Cheever drew on the same confined milieu—geographical and social—in creating his five novels and numerous stories. "There is by now a recognizable landscape that can be called Cheever country," Walter Clemons observed in Newsweek. It comprises "the rich suburban communities of Westchester and Connecticut," explained Richard Locke in the New York Times Book Review, "the towns [the author] calls Shady Hill, St. Botolphs and Bullet Park." In this country Cheever found the source for his fiction, the lives of upwardly mobile Americans, both urban and suburban, lives lacking purpose and direction. His fictional representation of these lives capture what a Time reviewer termed the "social perceptions that seem superficial but somehow manage to reveal (and devastate or exalt) the subjects of his suburban scrutiny." Fashioned from the author's observations and presented in this manner, Cheever's stories have become, in the opinion of Jesse Kornbluth, "a precise dissection of the ascending middle class and the declining American aristocracy."
Creates "Cheever People"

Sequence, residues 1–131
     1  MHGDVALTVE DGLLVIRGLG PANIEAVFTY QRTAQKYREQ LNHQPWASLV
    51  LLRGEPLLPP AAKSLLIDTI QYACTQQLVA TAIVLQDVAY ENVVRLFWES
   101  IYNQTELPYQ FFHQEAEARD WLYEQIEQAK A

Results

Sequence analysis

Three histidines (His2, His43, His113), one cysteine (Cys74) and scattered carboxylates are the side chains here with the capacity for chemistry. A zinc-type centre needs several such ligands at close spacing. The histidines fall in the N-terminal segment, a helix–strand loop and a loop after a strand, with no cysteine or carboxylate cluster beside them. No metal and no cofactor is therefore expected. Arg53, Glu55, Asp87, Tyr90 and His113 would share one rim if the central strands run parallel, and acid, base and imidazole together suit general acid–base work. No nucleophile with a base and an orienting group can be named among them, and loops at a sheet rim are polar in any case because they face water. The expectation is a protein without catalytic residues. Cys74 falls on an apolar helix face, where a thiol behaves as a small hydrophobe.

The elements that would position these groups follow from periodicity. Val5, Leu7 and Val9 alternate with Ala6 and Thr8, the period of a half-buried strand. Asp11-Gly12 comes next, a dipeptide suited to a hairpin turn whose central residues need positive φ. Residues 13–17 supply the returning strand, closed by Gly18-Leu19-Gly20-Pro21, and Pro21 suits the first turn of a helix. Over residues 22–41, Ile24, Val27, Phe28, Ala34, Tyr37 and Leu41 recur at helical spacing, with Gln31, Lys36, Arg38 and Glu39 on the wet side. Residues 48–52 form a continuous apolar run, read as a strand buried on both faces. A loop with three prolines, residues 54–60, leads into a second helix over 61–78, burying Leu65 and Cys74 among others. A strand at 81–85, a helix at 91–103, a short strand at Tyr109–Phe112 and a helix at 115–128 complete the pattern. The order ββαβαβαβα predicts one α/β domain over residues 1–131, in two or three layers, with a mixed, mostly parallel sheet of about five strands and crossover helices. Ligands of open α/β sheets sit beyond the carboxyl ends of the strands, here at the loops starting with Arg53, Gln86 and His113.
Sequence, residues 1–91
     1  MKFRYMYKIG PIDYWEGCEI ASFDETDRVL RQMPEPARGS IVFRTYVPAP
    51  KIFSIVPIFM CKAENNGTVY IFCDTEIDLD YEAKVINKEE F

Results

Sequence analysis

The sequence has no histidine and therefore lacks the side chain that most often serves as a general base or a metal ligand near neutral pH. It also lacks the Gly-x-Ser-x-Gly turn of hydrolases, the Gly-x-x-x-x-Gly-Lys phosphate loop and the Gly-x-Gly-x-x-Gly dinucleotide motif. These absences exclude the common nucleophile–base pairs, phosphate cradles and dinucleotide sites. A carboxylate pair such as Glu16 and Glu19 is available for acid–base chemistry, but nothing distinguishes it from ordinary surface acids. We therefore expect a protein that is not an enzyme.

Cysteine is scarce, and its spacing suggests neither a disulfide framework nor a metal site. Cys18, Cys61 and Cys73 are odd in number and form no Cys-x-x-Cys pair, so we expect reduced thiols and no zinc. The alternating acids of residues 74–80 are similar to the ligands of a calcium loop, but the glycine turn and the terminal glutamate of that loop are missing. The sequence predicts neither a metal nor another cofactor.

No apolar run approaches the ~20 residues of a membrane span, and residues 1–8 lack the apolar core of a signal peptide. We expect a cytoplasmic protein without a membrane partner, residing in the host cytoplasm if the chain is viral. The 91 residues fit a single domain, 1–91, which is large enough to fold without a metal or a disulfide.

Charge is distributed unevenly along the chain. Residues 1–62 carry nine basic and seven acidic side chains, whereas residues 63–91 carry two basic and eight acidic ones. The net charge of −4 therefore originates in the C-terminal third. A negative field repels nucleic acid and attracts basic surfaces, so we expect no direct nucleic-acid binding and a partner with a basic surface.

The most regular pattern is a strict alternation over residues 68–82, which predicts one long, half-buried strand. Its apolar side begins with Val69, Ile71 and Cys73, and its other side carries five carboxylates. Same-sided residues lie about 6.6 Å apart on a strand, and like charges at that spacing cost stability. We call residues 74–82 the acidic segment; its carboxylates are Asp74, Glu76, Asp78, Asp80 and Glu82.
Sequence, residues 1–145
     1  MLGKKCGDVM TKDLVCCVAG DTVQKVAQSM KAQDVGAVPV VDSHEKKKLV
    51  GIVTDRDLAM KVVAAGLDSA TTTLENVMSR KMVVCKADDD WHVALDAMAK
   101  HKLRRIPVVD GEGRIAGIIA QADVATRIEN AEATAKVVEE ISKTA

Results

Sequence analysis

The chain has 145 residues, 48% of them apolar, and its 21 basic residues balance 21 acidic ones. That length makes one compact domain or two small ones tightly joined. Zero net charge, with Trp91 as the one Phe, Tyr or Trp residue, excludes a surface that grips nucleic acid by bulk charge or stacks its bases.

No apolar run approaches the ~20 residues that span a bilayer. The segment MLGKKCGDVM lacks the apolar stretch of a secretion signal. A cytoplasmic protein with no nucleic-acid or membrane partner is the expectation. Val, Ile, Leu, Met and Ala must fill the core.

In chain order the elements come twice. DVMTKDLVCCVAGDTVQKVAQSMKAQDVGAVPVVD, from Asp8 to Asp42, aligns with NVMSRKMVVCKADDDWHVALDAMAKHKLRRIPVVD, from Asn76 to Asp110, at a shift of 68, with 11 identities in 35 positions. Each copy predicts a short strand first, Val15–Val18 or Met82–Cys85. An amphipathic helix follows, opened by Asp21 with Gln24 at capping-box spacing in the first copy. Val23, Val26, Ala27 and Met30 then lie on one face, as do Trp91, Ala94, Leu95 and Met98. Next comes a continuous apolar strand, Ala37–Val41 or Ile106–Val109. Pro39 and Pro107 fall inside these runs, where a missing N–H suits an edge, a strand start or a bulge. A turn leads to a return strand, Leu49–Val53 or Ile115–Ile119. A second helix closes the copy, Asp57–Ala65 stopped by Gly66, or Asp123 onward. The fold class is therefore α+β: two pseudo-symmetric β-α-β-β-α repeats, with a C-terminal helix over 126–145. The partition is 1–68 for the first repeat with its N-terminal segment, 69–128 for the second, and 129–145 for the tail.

For the most part, the characters represented in Cheever's short stories and novels are white and Protestant; they are bored with their jobs, trapped in their lifestyles, and out of touch with their families. "Cheever's account of life in suburbia makes one's soul ache," Guy Davenport remarked in National Review. Added the reviewer: "Here is human energy that once pushed plows and stormed the walls of Jerusalem … spent daily in getting up hung over, staggering drugged with tranquilizers to wait for a train to … Manhattan. There eight hours are given to the writing of advertisements about halitosis and mouthwash. Then the train back, a cocktail party, and drunk to bed." According to Richard Boeth of Newsweek, "what is missing in these people is not the virtue of their forebears … but the passion, zest, originality and underlying stoicism that fueled the Wasps' domination of the world for two … centuries. Now they're fat and bored and scared and whiny."